Sri Lanka: Evicted Colombo shanty dwellers face desperate situation
9 May 2015
Over 580 poor families evicted in 2013 from Slave Island in central Colombo to make way for a multi-million dollar property development now confront a hopeless situation. After being promised rental money until they were provided with new residences, the shanty dwellers are not receiving adequate payments. Nor will they be provided with new homes.
The former government of President Mahinda Rajapakse evicted the families in 2013 and cleared 2.4 hectares of land as part of its plans to convert Colombo City into a South Asian commercial hub for international investors and tourists. The project involved Tata, the giant Indian corporation, which planned to build luxury condominiums with an estimated value of $US429.5 million.
Under its agreement with the Rajapakse government and the Urban Development Authority (UDA), Tata promised to provide 650 permanent homes for the displaced inner-city families in a four apartment towers. The company also agreed to pay 15,000 rupees ($112) per month for each displaced family to rent a house of 400 square feet for a period of 30 months.
Most of the families received about 15,000 rupees per month for 15 months, but the payments have stopped. A senior UDA official recently told the Business Times that Tata’s money was only sufficient for less than 15 months and the UDA had no funds to pay the evicted families. Moreover, no work has started on the promised apartment towers.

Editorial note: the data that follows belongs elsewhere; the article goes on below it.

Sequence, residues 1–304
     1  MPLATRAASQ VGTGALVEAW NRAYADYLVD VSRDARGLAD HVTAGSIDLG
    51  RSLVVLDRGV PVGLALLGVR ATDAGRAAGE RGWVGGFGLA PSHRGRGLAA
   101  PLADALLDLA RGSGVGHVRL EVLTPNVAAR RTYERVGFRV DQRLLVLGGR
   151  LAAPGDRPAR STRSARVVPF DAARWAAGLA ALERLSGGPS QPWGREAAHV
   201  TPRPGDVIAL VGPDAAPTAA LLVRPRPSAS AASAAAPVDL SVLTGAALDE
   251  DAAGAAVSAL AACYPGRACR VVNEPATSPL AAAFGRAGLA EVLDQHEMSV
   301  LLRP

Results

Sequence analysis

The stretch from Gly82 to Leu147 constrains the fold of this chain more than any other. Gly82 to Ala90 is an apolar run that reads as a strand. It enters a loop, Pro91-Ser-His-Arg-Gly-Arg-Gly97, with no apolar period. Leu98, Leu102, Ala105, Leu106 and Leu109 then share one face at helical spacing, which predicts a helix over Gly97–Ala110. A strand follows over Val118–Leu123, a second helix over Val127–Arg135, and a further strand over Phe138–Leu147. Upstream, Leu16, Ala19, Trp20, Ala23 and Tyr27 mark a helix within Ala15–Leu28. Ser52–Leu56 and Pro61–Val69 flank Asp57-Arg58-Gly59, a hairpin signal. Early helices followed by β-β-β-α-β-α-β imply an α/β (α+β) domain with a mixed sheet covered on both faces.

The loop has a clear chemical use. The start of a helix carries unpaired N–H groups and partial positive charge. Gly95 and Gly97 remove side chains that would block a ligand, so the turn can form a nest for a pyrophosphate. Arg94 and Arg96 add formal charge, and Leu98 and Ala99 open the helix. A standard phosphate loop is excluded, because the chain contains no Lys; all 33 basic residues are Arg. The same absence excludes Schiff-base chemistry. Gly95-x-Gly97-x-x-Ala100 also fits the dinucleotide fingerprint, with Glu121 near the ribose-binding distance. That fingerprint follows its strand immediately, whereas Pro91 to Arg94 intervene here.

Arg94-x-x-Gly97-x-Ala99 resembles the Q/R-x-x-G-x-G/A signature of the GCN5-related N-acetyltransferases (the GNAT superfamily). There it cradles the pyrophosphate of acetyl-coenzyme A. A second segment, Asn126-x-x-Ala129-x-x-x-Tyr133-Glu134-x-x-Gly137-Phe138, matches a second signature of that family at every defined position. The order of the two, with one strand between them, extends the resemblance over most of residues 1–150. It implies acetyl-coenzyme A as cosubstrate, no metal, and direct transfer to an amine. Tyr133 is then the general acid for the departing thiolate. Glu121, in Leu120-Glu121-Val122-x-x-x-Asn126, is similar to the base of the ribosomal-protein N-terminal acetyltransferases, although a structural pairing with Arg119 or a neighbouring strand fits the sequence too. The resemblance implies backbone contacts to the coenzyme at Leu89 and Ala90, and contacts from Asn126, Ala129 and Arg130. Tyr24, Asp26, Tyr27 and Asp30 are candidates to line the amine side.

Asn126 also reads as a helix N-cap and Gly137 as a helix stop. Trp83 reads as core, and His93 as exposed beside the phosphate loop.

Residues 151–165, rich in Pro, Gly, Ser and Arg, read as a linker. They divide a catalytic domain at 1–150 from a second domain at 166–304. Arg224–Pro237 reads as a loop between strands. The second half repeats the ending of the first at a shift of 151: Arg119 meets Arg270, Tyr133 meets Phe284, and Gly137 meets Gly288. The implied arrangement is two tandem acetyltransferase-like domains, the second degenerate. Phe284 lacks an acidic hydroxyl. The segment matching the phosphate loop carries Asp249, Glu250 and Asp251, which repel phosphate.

The current minority government of President Maithripala Sirisena has suspended the project until it reviews the original agreement between the Rajapakse administration and Tata, claiming that there was financial mishandling by corrupt officials.
On March 9, Finance Minister Ravi Karunanayake told the South China Morning Post that the government was “examining a housing project by Indian conglomerate Tata. Tata came in and said they will put in $250 million, but they put in $20 million, use our land, and sell it back to us for a higher price.”
Tata has rejected these allegations and warned that “arbitrary actions” will adversely impact on future international investments in Sri Lanka.
Under the Rajapakse government’s plans, the UDA and the Land Reclamation and Development Board were taken over by the defence ministry, controlled by its secretary Gotabhaya Rajapakse, one of the president’s brothers. The defence ministry bogusly declared: “The primary goal of the project is to uplift the living standards of the people in the area and providing them a better living environment.”
The Rajapakse government aimed to remove more than 135,000 poor families from Colombo City. Thousands of families have been evicted from Slave Island, Dematagoda, Appalwatta and Ibbawatta during the past six years. The defence ministry mobilised the security forces to intimidate anyone opposing the evictions.
Most of those evicted have not been provided with permanent homes. Some have been forced to accept wooden huts without water and sanitation in the Nagalagam Street camp at Totalanga and in Weligodawatta. Several hundred families were provided with tiny flats of 400 square feet, for which they were forced to pay 100,000 rupees and then 3,900 rupees per month.